In Scandinavia, especially in Norway, such a question might arise. While it might sound a bit nonsense, should you call poker a hobby or your business, it makes sense in terms of taxes. Yes, exactly because of the existing regulations, some of your poker winnings might be taxed and a valid amount of money might actually be deducted from your winnings unless you call it the right name, whether a business or a hobby.
The taxes apply not only to the business activity but to the hobby and casual activity as well. So, while overall you should expect some of the taxes applying to your winnings just in any case, the taxes for the business activity should be a bit lower, than the hobby. But make sure to come over the right side of the law.
The toxic relationship
Since 2015 poker tournaments have been held in many Scandinavian countries, and one of the most popular cities for the tournaments and championships appeared to be Oslo. Though, this was not until the regulations were lifted. One of the Norwegian Poker Championship tournaments had to be held in Dublin instead of Oslo, simply because the local government would not allow hosting gambling-related activity on its ground. Thankfully, already for half of the decade people can participate in their favorite activity without any pressure.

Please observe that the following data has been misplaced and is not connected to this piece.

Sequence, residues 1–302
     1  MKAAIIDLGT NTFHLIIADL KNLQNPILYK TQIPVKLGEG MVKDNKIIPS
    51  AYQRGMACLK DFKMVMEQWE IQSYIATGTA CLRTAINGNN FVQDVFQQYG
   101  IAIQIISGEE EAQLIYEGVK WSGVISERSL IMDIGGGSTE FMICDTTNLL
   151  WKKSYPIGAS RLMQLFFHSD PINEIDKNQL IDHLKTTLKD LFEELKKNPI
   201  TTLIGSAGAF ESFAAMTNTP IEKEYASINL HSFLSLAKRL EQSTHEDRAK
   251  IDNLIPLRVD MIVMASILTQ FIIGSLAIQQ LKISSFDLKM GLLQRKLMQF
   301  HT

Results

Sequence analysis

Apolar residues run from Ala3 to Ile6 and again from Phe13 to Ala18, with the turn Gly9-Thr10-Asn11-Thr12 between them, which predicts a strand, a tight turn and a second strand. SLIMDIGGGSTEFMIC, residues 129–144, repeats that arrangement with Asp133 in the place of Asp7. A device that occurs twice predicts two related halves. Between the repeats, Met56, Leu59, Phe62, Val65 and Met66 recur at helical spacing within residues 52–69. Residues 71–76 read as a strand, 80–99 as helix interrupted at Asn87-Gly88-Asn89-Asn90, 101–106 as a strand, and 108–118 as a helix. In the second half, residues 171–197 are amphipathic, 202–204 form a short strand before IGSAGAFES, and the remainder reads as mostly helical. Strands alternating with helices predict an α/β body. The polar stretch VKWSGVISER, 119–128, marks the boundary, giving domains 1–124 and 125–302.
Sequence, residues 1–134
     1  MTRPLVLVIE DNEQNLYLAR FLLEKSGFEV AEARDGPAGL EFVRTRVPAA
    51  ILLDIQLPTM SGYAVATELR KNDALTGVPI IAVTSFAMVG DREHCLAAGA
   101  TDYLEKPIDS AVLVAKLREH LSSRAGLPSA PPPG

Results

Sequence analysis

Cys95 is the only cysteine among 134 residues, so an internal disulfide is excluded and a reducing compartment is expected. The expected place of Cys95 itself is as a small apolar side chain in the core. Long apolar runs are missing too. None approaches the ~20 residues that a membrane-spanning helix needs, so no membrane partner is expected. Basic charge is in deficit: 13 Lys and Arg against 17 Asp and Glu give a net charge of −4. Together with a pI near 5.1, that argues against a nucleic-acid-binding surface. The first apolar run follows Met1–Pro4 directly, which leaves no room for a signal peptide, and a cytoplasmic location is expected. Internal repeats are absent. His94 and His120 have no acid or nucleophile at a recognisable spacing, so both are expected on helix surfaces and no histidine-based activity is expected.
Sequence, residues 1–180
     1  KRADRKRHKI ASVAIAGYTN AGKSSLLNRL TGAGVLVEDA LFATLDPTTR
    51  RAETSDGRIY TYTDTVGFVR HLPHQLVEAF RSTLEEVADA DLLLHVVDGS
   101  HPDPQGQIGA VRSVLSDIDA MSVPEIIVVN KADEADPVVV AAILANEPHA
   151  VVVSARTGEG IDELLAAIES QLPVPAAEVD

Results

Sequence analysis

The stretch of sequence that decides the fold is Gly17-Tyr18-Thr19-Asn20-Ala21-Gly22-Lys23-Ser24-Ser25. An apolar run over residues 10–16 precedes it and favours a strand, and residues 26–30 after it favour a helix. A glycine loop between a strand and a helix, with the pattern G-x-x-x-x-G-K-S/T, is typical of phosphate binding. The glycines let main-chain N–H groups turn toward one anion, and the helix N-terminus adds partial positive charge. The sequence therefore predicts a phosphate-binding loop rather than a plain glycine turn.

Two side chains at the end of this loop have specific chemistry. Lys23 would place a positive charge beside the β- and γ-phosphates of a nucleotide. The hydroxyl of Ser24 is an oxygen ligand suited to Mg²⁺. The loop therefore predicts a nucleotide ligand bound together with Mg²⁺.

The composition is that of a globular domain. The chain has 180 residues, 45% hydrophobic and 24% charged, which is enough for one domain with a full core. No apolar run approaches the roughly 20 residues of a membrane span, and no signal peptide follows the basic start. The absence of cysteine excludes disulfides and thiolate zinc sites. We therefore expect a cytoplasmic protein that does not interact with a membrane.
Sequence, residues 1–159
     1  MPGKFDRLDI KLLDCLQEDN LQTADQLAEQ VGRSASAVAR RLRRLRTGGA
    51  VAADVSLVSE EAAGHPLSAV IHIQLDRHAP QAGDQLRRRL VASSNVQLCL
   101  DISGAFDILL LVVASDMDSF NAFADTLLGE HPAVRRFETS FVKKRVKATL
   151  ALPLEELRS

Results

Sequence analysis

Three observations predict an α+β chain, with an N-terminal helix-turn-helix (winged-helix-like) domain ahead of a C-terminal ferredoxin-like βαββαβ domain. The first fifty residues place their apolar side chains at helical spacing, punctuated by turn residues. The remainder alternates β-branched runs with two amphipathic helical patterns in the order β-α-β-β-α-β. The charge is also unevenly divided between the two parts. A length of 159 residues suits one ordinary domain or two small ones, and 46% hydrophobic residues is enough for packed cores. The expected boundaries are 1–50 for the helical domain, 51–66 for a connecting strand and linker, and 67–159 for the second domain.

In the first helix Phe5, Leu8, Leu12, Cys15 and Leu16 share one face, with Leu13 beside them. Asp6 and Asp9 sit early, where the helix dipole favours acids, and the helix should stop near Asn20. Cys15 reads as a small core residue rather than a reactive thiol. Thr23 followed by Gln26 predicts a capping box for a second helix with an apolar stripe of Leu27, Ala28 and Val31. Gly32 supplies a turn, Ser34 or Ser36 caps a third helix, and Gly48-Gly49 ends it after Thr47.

Despite many amendments and certain regulations being lifted, some more time is needed to popularize gambling in Scandinavian countries. So far, there are only four casino outlets in different Swedish cities. This is obviously a small number for the existing population and the number of professional poker players originated from Scandinavia.
While the situation definitely was moving toward positive changes and the gambling industry finally seemed to be recovering from the long time sleep, the global COVID-19 pandemic has changed the reality completely and set completely new rules and terms, which we all have to obey. Just like all other countries all over the world, Scandinavian countries were no exception. The lockdown and strict quarantine measures have changed the regular and casual lifestyle in many terms. All of the gathering spots have been closed and gathering in general was and still is not permitted. All necessary businesses were shut down, including casinos.
While traditional brick and mortar casinos were shut down, online casinos took it over. Now, the online gambling industry is undergoing some major changes and challenges in order to adapt to local rules and regulations. Unlike the traditional way of gambling, online gambling is still less tolerated by the local government. Meaning that many internal operators popped up in the market, while many local operators and providers are working on changes in order to comply with the rules.
The gambling industry in Scandinavia is once again facing some major challenges and is having a hard time surviving and breathing freely. The tense relationship between gambling and government got toxic, making life uncomfortable both for the government as well as for the operators, while all in all the players are the ones to suffer the most.